Rules changes to affect Duke defense on opening night?
One of the hottest topics heading into the new basketball season is the new manner in which officials will arbitrate the hand-checking and block/charge rules.
Basically, things are now much simpler for the offense and tougher on the defense as an effort is underway to legislate more open play into college basketball.
No. 4 Duke, which opens the season against Davidson Friday, Nov. 8 (7 p.m., ESPNU) at Cameron Indoor Stadium, has regularly been a team that relies on tight, aggressive defense.
The team’s two exhibition games have offered a glimpse of the new rules. But players and coaches around the country know a period of adjustment is inevitable.
“The hand-checking has been tough,” said Duke point guard Quinn Cook, who was called for four fouls in Duke’s 81-65 exhibition win over Drury on Saturday. “Especially the last game. I’ve got to be smart. Coach (Mike Krzyzewski) got on me in our meeting. He got on me about that. I have to be on the floor. I can’t be subbing in and out because of fouls. I have to be smart.”
Under the new hand-checking rules, officials are calling fouls on defenders who put two hands on the player they are guarding.
“Referees are on the lookout for that and for giving the offense more space,” Cook said.
The Blue Devils have long counted on their ability to draw charging fouls as a way to play effective defense. The rules change means the defender must now be firmly in place when the offensive player begins his upward movement.
The idea is to get rid of flopping, where a defensive player exaggerates the amount of contact in an attempt to draw a charging foul.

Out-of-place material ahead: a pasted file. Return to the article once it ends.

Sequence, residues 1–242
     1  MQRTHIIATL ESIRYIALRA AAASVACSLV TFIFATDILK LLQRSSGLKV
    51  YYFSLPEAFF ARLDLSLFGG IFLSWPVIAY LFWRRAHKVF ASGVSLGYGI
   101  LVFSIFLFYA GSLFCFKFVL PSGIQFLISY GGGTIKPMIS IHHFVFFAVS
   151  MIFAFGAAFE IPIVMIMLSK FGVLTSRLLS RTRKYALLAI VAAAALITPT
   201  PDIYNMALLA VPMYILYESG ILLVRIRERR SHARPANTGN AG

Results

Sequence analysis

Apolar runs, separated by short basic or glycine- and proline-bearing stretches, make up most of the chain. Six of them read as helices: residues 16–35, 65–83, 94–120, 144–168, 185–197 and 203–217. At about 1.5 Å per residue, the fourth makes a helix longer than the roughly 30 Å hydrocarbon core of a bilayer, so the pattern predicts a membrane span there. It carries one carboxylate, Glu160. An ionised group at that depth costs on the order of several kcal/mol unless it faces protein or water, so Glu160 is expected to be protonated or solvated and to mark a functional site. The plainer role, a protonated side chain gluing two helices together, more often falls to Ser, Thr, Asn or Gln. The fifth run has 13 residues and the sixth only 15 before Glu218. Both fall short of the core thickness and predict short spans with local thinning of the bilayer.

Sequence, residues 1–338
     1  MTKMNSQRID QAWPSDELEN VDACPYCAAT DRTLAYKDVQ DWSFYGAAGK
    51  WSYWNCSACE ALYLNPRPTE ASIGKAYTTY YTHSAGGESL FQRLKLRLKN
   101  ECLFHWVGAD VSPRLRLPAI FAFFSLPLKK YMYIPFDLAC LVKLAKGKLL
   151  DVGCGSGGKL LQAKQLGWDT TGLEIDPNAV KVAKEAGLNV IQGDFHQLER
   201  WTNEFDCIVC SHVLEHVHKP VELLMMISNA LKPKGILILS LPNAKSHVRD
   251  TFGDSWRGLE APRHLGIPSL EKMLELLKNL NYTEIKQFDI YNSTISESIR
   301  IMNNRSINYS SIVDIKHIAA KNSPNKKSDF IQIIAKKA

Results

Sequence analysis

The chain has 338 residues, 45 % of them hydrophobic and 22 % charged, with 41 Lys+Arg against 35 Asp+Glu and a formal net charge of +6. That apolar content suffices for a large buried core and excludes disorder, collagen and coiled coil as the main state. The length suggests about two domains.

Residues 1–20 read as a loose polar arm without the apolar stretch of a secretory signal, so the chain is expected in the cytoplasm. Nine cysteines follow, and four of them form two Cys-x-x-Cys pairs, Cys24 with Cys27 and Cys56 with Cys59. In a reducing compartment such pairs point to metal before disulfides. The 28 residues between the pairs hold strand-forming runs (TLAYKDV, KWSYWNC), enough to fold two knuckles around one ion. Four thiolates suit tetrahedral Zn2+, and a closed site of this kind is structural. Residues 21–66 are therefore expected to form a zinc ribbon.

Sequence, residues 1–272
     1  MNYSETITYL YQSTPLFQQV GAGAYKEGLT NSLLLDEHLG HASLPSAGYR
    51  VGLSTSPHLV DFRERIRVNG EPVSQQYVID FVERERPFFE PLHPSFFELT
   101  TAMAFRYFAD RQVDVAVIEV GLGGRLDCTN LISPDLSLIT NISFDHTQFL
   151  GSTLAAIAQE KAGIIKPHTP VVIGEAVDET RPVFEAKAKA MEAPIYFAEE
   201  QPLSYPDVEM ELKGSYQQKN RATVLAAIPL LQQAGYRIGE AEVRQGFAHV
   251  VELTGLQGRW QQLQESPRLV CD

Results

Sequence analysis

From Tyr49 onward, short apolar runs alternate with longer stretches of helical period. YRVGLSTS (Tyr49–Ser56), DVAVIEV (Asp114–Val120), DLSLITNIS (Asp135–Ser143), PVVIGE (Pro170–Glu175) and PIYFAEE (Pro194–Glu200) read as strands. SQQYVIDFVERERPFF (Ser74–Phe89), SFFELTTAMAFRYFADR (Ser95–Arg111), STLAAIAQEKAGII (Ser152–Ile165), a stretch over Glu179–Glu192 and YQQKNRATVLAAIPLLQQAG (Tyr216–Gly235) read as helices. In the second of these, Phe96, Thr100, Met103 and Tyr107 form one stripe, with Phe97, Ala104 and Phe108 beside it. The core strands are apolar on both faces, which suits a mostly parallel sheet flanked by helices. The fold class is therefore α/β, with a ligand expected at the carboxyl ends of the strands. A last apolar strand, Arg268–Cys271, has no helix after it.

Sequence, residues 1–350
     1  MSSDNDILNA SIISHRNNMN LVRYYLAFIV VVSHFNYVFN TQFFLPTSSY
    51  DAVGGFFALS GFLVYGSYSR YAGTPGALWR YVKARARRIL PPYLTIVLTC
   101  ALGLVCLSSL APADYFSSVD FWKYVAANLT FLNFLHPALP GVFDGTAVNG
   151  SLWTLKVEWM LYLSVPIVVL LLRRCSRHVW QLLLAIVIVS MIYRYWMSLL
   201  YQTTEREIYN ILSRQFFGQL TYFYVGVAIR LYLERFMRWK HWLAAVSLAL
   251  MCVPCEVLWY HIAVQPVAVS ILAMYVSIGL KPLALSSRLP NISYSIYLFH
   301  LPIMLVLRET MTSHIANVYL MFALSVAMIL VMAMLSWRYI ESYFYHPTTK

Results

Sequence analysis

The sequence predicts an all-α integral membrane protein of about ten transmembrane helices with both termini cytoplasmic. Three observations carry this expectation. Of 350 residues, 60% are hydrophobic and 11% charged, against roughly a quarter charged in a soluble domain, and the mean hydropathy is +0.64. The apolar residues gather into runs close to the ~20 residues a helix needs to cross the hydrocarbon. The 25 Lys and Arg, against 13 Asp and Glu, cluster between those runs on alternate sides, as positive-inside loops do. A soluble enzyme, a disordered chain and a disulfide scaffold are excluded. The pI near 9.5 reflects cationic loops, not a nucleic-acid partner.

Duke senior guard Tyler Thornton has drawn 22 offensive fouls during his first three seasons with the Blue Devils. The new rules mean he could be called for more fouls now if he attempts to defend the same way.
“In the last week or so I’ve been playing off the ball on defense,” Thornton said. “That helps me a little bit. But it’s going to be hard for everybody.”
There is another side to this coin, however.
On the offensive end, the Blue Devils know they’ll be able to drive to the basket a little easier because of the rules changes.
“The kind of team we have,” Thornton said, “everybody is able to take a defender off the dribble. So that’s to our advantage.”
That is where Duke plans to find points on offense this season.
The Blue Devils won’t play a traditional half-court offense like it did last year when 6-11 seniors Mason Plumlee and Ryan Kelly roamed the post. They’ve both moved on to the NBA.
This season, 6-8 forwards Jabari Parker and Rodney Hood are the players Duke will count on. Neither is a true post player, but both are long and athletic with the ability to dribble-drive past defenders.
On the perimeter, Cook, Thornton, sophomore Rasheed Sulaimon, freshman Matt Jones and redshirt senior Andre Dawkins are expected to provide points with jumpers and by driving to the basket.
Of course, as Cook said, they have to be on the court and not sitting on the bench in foul trouble in order to contribute.
With the new rules as a backdrop, Davidson presents a solid challenge to Duke. The Wildcats went 26-8 last season, winning the Southern Conference Tournament before losing 59-58 to Marquette in their NCAA Tournament opener.